The spate of pipe bombs sent through the mail in the US to prominent liberals was, in many ways, predictable. And the logical upshot of this is that those who have made it so should also bear some responsibility. Yes, someone made the weapons and sent them out – and they must face justice. But we must also acknowledge the role of those who forged the hate-fuelled, increasingly divisive environment in which the attacks took place.
In 2001, George W Bush told the world that the US could no longer afford to make any distinction between terrorists and those who harboured them. Despite the fact that it was hard to find agreement on what “harbour” meant, the role of those sharing and spreading toxic violent ideology was certainly and unanimously included.
Today, President Donald Trump is arguably the world’s most prominent hate preacher, inspiring and promoting acts of violence against perceived political enemies. Trump has long revelled in and benefited from the performance of a violent masculinity, hulking over Hillary Clinton, boasting of sexual violence against women, and winning the support of many disaffected and disillusioned American men. Indeed, the day before the pipe bombs began being sent across America, Trump seemingly endorsed the use of violence against political enemies.
“I had heard he body-slammed a reporter,” Trump said of Republican Greg Gianforte, who was sentenced to community service and anger management classes after attacking a Guardian journalist. “Anybody that can do a body-slam … that’s my kind of guy.”
This all builds upon longstanding themes in his personal and national storytelling. The reason the “ordinary American” – the country’s backbone – has been so badly downtrodden over the years, he tells voters, is because of continued betrayals and bad deals. America can be made great again – only by him – if the “enemies of the people” are called out and dealt with.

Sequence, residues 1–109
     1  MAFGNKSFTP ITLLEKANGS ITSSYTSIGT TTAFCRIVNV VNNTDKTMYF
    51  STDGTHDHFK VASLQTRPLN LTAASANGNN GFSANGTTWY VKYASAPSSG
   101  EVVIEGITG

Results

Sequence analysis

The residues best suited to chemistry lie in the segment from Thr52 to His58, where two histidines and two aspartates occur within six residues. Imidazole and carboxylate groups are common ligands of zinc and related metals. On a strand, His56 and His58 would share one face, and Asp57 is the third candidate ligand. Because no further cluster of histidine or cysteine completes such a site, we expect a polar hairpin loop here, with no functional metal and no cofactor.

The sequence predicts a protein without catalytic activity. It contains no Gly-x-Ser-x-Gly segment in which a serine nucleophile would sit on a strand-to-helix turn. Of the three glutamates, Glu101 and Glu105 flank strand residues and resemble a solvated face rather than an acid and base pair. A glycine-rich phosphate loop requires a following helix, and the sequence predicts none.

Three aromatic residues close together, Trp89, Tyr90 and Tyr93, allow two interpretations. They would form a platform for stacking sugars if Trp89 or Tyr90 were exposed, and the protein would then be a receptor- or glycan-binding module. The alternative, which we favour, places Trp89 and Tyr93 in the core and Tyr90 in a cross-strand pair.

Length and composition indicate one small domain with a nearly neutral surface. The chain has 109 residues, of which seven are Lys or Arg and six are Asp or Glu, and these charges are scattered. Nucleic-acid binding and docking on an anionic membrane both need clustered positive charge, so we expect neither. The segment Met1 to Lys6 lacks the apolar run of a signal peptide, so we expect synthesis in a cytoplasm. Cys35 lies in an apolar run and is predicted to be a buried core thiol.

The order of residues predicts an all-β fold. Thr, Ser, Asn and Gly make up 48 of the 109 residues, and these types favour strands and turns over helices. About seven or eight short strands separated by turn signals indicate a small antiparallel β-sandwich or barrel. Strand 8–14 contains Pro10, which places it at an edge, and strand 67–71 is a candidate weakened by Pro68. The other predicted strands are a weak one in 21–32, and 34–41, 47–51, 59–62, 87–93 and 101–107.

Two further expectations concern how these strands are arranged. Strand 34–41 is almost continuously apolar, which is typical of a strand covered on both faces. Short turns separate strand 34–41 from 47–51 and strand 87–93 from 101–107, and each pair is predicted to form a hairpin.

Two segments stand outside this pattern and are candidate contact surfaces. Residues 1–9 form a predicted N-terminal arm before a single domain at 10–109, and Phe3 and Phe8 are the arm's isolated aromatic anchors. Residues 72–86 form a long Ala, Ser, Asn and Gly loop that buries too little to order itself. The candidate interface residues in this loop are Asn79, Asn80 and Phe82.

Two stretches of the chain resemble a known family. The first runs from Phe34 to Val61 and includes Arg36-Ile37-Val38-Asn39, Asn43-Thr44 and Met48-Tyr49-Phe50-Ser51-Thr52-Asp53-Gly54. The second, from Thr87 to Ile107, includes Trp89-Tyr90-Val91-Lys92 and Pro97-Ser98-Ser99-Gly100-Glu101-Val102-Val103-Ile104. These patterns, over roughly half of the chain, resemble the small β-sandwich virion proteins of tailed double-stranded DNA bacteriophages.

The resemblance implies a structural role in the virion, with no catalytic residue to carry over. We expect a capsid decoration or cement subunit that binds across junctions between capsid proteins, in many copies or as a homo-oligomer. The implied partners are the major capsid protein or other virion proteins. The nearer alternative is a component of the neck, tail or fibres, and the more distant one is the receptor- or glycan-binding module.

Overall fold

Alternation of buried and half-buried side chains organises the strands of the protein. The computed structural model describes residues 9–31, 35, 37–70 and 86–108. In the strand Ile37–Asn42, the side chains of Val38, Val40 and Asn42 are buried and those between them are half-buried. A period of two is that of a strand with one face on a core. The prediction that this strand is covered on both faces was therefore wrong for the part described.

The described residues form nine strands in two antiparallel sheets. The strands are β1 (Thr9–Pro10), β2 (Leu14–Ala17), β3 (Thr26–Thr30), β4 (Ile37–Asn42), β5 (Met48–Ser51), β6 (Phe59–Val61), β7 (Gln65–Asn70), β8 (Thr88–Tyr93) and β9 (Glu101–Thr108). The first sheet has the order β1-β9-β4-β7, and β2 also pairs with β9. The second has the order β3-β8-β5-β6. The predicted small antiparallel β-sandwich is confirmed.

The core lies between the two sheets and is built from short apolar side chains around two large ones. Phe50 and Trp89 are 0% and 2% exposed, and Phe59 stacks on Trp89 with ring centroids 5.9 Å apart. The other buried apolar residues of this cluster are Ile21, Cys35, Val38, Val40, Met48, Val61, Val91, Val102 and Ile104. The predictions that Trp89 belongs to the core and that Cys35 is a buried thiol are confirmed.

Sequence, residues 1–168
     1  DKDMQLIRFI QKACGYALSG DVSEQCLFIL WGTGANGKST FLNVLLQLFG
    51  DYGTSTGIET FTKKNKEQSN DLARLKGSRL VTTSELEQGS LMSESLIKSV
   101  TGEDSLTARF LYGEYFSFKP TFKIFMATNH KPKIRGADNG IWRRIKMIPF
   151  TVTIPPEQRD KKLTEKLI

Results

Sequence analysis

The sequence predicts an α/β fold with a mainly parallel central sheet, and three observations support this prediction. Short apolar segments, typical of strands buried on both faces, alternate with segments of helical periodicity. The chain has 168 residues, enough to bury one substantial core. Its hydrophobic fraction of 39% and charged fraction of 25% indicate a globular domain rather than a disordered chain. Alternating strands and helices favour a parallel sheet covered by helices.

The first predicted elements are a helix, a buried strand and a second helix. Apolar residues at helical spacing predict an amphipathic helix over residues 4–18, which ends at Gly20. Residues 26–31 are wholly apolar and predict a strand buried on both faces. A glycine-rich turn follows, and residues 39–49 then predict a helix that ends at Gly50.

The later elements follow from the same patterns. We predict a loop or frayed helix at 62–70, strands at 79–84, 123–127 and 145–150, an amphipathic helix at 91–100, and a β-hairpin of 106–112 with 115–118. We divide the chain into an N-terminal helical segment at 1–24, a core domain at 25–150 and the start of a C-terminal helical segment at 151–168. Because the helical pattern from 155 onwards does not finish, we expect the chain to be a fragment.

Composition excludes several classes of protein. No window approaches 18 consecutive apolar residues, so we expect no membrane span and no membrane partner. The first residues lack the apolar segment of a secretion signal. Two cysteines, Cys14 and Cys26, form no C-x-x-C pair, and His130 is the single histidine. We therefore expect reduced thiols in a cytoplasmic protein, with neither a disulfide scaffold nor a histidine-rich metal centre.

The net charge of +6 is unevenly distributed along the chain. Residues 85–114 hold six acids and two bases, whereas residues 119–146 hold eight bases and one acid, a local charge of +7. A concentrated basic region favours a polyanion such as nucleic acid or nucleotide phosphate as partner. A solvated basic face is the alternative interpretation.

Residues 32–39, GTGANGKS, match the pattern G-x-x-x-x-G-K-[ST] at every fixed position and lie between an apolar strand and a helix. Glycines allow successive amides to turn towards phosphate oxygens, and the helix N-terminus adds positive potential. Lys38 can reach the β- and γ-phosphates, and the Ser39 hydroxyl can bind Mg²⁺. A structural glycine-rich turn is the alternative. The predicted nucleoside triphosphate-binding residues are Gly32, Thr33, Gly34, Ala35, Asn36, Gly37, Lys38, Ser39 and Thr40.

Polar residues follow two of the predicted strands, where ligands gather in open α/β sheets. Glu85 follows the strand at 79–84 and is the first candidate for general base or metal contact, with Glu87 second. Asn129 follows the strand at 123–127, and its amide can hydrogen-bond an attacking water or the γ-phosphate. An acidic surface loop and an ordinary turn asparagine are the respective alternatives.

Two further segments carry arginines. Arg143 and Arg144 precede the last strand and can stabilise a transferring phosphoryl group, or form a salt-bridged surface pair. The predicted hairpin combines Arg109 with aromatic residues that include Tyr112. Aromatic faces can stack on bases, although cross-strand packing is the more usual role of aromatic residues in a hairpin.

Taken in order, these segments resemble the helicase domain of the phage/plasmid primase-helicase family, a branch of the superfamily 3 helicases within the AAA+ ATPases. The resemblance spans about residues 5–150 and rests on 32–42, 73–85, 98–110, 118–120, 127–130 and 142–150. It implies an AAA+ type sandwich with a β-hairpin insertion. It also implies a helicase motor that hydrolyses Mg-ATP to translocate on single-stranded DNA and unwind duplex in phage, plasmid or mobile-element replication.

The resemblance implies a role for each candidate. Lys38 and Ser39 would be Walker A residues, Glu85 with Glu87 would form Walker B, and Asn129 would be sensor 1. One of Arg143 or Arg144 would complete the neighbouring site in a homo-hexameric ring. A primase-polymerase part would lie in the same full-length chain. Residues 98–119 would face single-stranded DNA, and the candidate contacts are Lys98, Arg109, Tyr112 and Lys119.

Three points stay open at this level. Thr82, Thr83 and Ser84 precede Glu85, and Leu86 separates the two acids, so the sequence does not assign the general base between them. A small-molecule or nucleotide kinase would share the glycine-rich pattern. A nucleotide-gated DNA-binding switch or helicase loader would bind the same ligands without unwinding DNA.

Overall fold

Elites in the media (one of the pipe bombs was also destined for CNN) and the Washington swamp must be drained out of political existence, if America – and true Americans – are to flourish again. And the tactics for doing so, the president of the United States has suggested, can include violence.
Checks and balances
Words matter. Indeed, those two words might be a suitable summary of over a decade of research on the relationship between language and terrorism, which has shown that powerful and emotional narratives are productive; they create the reality of life in the US, including the wars it fights. Today, that war is at home, between competing wings of the political spectrum. It has turned violent partly because of the language that has been used by the man elected to the highest office in the land.
When Trump was elected, even among calls not to normalise his ascendancy, many hoped that the Founding Fathers had seen him coming, constructing a system of checks and balances, with adequately divided powers, such that ambition might counteract ambition. To an extent, that was true at the start. But we now see a Supreme Court, both houses of congress, and a White House aligned with a man who apparently encourages violence within the US against American citizens.
Even those who spoke of the need to think of the American government as a hybrid regime – combining democratic and autocratic traits – following Trump’s election, might be surprised by how low the country has descended. Fortunately, November – and the mid-term elections – offer an opportunity to begin to change American politics through, rather than by undermining, its democratic credentials.